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Revista Peruana de Medicina Experimental y Salud Publica

Print version ISSN 1726-4634

Rev. perú. med. exp. salud publica vol.37 no.4 Lima Oct-Dec 2020  Epub Oct 13, 2020 

Originales breves

Nosocomial infections in emergency observation units and their association with overcrowding and ventilation

Kevin H. Llanos-Torres, Medical doctor

Rocío Pérez-Orozco, Medical doctor

Germán Málaga, Master of Medicine

1 Facultad de Medicina «Alberto Hurtado», Universidad Peruana Cayetano Heredia, Lima, Perú.

2 CONEVID Unidad de Conocimiento y Evidencia, Facultad de Medicina «Alberto Hurtado», Universidad Peruana Cayetano Heredia, Lima, Perú.

3 Hospital Cayetano Heredia, Lima, Perú.


Nosocomial infections (NIs) are defined as infections that are contracted 48 hours after hospitalization and were not present or incubating prior to the patient being admitted to the hospital 1. The prevalence of NIs in developed countries varies between 5.1% and 11.6%, while in low- and middle-income countries it fluctuates between 5.7% and 19.1% 2 , 3. In 1999, a study of the prevalence of NIs in 62 hospitals was conducted for the first time in Peru and found prevalence rates between 0 and 3.5%, depending on the complexity level of the hospital. Subsequently, several studies on the prevalence of NIs have been conducted in hospitalization areas from various public hospitals in Lima and in some regions, and the results vary between 0% and 15%, depending on the complexity level 4.

NIs increase the average length of hospital stay by nine days and the average intensive care unit stay by seven days 5; they also increase morbidity, mortality, and the economic burden on health services 4 , 6 , 7.

NIs are particularly prevalent in overcrowded places 8, such as the observation units of the emergency services. Some of these units do not meet the minimum requirements: attention periods of 12 hours, areas differentiated by sex, maximum capacity of six beds per room and a minimum area of nine square meters 2 , 9 , 10.

The prevalence of NIs in Colombia has reportedly increased, related to larger hospitals and greater number of beds 11. Overcrowding in the emergency room, as well as a long wait for diagnosis and treatment, increase the patient’s length of hospital stay and their exposure to infectious agents. As a result, NIs raise costs and mortality 12 , 13.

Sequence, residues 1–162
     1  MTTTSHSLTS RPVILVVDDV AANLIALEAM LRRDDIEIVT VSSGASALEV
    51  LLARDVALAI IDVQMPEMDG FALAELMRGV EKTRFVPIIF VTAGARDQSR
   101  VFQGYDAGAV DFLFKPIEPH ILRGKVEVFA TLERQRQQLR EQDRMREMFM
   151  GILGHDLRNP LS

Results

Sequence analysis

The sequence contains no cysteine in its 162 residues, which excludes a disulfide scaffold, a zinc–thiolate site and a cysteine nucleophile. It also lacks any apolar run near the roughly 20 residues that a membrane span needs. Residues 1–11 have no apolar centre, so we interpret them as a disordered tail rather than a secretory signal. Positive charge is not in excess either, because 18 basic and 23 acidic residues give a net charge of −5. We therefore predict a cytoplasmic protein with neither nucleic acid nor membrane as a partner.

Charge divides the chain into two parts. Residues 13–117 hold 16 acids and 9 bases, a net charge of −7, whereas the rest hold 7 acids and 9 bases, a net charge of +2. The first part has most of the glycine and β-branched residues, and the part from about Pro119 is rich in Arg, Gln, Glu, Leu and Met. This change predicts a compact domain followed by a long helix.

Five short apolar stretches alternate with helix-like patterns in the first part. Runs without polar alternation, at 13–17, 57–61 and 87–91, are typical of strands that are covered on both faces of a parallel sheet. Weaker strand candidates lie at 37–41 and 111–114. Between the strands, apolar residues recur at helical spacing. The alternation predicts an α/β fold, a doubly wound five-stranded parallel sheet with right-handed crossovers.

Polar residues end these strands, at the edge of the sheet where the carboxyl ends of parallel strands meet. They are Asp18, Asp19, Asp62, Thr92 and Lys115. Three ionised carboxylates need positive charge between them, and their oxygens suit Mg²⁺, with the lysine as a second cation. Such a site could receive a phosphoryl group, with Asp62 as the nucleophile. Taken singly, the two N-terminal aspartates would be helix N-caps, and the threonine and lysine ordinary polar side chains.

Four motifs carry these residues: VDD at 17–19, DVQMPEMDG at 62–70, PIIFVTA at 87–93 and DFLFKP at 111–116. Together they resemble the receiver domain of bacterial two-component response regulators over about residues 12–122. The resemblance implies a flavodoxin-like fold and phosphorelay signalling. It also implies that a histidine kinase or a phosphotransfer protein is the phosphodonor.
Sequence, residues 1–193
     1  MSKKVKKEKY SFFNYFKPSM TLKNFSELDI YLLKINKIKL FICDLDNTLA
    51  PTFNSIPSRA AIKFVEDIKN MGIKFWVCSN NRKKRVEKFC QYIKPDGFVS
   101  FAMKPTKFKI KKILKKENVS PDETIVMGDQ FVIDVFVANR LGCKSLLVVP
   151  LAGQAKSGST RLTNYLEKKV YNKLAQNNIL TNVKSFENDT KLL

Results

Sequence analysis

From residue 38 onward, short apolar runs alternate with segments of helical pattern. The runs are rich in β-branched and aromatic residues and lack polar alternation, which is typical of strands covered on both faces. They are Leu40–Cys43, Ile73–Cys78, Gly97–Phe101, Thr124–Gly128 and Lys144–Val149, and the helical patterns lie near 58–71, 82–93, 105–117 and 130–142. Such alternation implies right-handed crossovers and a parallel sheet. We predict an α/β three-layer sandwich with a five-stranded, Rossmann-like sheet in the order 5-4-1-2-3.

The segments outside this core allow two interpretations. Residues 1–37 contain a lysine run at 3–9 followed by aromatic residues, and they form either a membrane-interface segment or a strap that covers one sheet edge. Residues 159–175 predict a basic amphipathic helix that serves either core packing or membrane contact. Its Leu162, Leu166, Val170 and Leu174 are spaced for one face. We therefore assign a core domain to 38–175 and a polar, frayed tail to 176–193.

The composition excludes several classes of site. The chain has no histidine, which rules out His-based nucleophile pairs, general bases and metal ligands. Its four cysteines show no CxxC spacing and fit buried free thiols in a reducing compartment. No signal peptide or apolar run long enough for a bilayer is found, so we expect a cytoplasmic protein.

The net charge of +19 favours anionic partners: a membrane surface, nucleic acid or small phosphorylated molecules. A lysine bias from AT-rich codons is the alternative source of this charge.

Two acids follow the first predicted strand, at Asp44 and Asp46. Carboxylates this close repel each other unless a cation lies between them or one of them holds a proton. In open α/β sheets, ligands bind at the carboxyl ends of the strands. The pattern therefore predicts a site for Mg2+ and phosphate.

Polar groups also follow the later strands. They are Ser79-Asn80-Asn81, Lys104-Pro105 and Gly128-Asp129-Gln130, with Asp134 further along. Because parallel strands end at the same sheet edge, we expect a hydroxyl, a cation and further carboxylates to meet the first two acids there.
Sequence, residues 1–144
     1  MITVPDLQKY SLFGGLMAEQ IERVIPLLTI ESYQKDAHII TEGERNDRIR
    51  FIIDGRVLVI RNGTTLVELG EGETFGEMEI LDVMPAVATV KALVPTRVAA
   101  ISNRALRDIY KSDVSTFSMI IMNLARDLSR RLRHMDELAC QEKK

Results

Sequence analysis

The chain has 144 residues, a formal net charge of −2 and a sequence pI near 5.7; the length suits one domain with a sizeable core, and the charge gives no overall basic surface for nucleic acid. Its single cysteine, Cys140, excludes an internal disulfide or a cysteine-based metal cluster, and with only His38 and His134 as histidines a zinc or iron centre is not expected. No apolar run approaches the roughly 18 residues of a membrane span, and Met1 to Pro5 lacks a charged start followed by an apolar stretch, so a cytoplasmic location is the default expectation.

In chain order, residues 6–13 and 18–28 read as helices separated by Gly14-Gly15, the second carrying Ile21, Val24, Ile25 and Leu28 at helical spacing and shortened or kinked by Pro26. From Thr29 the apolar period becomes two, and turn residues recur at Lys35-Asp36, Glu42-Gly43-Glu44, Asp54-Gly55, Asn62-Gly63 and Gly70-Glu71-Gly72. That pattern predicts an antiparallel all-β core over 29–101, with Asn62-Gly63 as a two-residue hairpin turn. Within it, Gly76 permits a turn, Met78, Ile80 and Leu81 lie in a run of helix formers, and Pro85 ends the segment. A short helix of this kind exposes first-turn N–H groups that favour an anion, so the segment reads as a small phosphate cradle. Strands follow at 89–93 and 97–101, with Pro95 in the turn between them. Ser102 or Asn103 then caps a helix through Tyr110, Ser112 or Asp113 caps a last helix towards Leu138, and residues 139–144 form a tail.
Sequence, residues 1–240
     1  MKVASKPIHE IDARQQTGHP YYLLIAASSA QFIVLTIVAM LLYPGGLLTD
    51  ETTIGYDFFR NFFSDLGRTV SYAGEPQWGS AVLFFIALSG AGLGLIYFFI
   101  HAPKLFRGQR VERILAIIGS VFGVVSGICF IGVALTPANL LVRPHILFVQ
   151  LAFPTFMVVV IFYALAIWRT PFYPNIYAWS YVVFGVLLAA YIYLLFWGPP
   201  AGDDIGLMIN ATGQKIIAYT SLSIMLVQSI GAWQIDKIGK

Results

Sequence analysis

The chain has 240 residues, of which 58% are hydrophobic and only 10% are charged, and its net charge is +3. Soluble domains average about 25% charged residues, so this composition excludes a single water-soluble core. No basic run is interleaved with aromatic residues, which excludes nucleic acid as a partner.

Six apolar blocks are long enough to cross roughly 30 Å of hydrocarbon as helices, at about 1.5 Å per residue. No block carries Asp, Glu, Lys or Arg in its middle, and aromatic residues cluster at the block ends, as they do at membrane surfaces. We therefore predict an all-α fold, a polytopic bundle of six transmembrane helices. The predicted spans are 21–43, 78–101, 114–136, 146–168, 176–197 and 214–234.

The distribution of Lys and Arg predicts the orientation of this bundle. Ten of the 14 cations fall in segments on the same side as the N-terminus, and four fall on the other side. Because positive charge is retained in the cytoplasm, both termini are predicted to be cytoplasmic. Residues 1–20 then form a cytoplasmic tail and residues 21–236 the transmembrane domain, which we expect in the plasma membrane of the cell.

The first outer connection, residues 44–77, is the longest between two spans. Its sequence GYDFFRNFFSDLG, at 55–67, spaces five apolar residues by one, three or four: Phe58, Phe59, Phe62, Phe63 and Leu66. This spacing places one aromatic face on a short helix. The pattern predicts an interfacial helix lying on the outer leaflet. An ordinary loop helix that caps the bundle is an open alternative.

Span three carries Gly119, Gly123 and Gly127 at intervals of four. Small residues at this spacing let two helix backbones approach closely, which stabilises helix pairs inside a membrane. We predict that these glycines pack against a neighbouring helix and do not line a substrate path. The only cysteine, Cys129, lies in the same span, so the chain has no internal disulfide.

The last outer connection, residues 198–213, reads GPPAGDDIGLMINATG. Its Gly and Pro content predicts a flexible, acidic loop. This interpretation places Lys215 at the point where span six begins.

The aim of this study was to estimate the period prevalence of NIs in two level III hospitals in Lima. Likewise, we described the characteristics of patients and the areas where they were hospitalized regarding overcrowding and ventilation.


Motivation for the study: Areas not designed for medical care, such as corridors, are being used for the observation of seriously ill patients in emergency services in Peru. Poor infrastructure conditions make patient care precarious.

Main findings: The frequency of nosocomial infections in patients admitted to the observation units of emergency services was 8.1%. Poor ventilation triples the frequency of nosocomial infections.

Implications: Inadequate infrastructure of emergency services is harmful to patients and significantly increases the frequency of nosocomial infections.


A cross-sectional descriptive study was carried out to estimate the period prevalence of NI during a 5-day period in the emergency services of the Hospital Nacional Cayetano Heredia (HNCH) and the Hospital Nacional Arzobispo Loayza (HNAL); both are level III-2 hospitals in Metropolitan Lima. We included patients who were hospitalized for more than 72 hours in the internal medicine observation unit of the emergency service, after having ruled out any community-acquired infection.

Overcrowding was evaluated according to the Peruvian Technical Standard for Hospital Architecture, which establishes a minimum distance between beds of 150 cm and a 9 m2 area for each bed 14. A ventilated area was defined as the existence of some system of air extraction, artificial or adequate natural ventilation (tall ceilings, wide windows) in the lower or upper part of the hospital area 15 , 16; if none of these options were available, the area was considered “unventilated”. The area dedicated to the medical observation unit in the HNCH emergency service is 397.02 m2 and that of the HNAL is 321.32 m2.

NI was defined as the presence of one of the following criteria: fever after 72 hours of admission, new pulmonary infiltrate (not present at the time of admission), abnormal urine test (in persons with normal urine test at the time of admission), infection associated with a device installed during hospitalization, and a laboratory test result suggestive of infection (not present at the time of admission).